Skip to content

Passager Books Publishes First Book of Poems by 100-Year-Old Author Henry Morgenthau III


February 13, 2017
Contact: Public Affairs
Phone: 410.837.5739

A Sunday in Purgatory, the debut collection of poems by 100-year old Henry Morgenthau III, an acclaimed television producer and writer, and the founder of a national center for communication research, will be celebrated with a reading by the author on Monday, Feb. 20, at 7 p.m. in the University of Baltimore Student Center's Bogomolny Room, 21 W. Mt. Royal Ave. A Sunday in Purgatory is published by Passager Books, a not-for-profit press dedicated to publishing the work of older writers and an offshoot of UB's Passager journal. The reading is free and open to the public.

Morgenthau's father, Henry Morgenthau, Jr., was President Franklin Delano Roosevelt's Secretary of the Treasury and played a major role in shaping the New Deal and America's post-World War II policies toward Germany. His grandfather, Henry Morgenthau, was ambassador to the Ottoman Empire during WWI and the most prominent American to speak out against the Armenian genocide.

The poems in A Sunday in Purgatory combine memoir (his father "steadying the trembling hand [of FDR] as he mixed Bourbon Old Fashioneds and nibbled caviar, a gift from the Soviet ambassador"), reflections on aging ("Anticipation of death is like looking for a new job"), and wrestling with the tension that exists between being part of a famous American family and yet knowing that he’s an individual, separate from his family history.

2016 Pulitzer Prize winner Peter Balakian said, "Henry Morgenthau's poems are crisp, elegant forays into memory both personal and cultural…. His surgical examinations of self and his unflinching stare into mortality define the unique and honest voice of this remarkable first book of poems."

Morgenthau has had a long, distinguished career as an executive producer at WNYC in New York and WGBH in Boston: he produced a three-year long series in which Eleanor Roosevelt interviewed world leaders; he also produced documentaries that featured Martin Luther King, Jr., James Baldwin, and others. His work earned Peabody, Emmy, and other major awards and nominations. He founded the Morse Communications Research Center 1961 at Brandeis University. He also wrote the definitive book about his distinguished family.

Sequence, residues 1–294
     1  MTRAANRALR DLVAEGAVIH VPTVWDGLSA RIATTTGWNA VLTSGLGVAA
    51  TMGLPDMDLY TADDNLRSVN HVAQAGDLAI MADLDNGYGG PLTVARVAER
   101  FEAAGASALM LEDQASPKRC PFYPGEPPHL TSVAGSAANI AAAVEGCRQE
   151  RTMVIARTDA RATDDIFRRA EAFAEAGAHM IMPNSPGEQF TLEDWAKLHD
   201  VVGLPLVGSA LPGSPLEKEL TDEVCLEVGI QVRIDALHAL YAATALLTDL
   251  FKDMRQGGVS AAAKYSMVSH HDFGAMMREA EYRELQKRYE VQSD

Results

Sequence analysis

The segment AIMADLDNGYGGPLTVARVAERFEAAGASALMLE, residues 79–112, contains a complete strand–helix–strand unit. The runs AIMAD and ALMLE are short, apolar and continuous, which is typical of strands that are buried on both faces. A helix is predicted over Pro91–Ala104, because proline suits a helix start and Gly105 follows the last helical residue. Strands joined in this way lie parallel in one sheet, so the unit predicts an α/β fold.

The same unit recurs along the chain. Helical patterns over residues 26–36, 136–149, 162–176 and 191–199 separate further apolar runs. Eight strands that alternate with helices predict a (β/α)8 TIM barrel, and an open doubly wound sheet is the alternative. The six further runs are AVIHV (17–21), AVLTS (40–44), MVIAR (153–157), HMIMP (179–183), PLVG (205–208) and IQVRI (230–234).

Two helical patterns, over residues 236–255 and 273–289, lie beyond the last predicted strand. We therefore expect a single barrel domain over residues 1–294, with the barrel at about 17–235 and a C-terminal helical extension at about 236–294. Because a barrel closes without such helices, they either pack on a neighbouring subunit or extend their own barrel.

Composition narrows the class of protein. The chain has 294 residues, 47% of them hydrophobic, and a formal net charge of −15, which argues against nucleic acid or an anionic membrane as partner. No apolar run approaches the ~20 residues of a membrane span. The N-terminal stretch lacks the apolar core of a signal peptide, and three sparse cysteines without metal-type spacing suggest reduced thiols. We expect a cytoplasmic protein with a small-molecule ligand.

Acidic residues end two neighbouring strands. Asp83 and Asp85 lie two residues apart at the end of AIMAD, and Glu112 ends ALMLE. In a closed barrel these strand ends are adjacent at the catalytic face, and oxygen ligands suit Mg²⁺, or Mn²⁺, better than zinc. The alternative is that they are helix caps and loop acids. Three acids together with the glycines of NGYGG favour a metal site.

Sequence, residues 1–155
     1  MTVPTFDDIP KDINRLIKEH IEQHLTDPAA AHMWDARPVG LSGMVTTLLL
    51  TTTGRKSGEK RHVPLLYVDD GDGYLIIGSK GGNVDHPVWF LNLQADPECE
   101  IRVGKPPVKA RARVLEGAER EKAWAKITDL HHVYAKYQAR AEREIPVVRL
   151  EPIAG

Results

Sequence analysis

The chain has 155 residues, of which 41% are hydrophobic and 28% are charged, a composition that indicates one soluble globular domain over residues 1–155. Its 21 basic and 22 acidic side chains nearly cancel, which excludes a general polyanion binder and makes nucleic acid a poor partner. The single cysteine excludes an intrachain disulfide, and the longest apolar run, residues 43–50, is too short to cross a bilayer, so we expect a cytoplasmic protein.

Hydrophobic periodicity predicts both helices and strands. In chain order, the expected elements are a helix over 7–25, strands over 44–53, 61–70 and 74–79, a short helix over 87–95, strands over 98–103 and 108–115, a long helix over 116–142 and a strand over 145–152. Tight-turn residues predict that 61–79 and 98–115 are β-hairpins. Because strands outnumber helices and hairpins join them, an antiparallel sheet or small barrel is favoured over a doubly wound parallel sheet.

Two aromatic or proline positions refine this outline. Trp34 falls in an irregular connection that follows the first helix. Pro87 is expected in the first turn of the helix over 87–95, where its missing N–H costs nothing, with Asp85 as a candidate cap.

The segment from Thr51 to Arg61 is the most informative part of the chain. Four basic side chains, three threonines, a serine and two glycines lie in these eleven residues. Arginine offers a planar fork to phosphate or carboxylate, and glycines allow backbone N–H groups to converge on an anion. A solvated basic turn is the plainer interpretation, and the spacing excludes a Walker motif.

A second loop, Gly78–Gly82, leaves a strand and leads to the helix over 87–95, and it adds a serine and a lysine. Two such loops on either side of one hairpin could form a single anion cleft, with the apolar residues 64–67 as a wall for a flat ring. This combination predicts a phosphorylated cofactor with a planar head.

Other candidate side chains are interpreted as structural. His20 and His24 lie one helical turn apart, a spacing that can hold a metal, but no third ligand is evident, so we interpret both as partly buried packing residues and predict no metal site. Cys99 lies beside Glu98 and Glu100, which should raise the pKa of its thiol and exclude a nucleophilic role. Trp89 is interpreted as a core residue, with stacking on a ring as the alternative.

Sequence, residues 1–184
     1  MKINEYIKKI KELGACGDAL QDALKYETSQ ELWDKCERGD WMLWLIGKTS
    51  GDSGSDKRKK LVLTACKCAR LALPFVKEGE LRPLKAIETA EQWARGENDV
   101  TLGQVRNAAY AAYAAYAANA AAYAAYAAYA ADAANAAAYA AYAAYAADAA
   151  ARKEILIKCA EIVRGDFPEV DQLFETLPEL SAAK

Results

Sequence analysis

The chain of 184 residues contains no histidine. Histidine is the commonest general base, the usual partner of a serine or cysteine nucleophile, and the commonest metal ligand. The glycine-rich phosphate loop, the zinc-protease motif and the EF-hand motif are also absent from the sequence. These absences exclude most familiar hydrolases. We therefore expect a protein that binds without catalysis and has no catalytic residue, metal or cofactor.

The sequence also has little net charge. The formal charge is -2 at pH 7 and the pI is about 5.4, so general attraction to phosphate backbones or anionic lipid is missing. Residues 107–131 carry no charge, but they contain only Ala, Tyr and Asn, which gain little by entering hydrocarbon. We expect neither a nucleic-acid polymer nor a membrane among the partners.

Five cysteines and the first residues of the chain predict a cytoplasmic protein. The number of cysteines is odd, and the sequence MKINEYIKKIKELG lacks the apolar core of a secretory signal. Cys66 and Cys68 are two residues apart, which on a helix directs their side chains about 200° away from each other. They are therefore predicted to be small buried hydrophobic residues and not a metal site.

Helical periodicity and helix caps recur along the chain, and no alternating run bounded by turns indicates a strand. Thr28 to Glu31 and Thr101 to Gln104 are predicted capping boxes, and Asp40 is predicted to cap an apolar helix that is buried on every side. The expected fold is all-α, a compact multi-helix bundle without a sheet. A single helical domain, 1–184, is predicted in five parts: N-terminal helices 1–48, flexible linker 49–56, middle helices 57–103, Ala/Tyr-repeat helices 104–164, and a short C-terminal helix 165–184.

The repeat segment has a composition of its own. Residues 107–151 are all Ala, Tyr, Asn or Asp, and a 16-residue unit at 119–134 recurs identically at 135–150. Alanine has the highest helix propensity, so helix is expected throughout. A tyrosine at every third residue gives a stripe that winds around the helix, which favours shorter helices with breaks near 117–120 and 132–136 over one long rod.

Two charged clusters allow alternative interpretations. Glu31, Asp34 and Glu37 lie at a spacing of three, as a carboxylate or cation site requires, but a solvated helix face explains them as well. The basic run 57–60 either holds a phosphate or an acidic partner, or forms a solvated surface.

About the difference between his former writing and the poems he is writing now, Morgenthau says, "Writing poetry is a way of expressing myself, kind of like abstract painting as opposed to representational."

Passager Books is a not-for-profit press dedicated to publishing the work of older writers, to encouraging the imagination throughout life, and to creating beautiful and welcoming publications. Its literary journal, Passager, founded in 1990, has featured work by nearly 1,000 poets, fiction writers and memoirists, many in their 80s and 90s. Passager was co-founded by Kendra Kopelke, associate professor in the University's Klein Family School of Communications Design and program director for the MFA in Creative Writing & Publishing Arts. Prof. Kopelke also co-founded Passager Books.

Learn more about A Sunday in Purgatory and Passager Books.

Learn more about Prof. Kopelke and the Klein Family School of Communications Design.

Read more about Henry Morganthau III and Passager Books in The Washington Post and The Baltimore Sun.

The University of Baltimore is a member of the University System of Maryland and comprises the College of Public Affairs, the Merrick School of Business, the UB School of Law and the Yale Gordon College of Arts and Sciences.

 

Last Published 6/9/16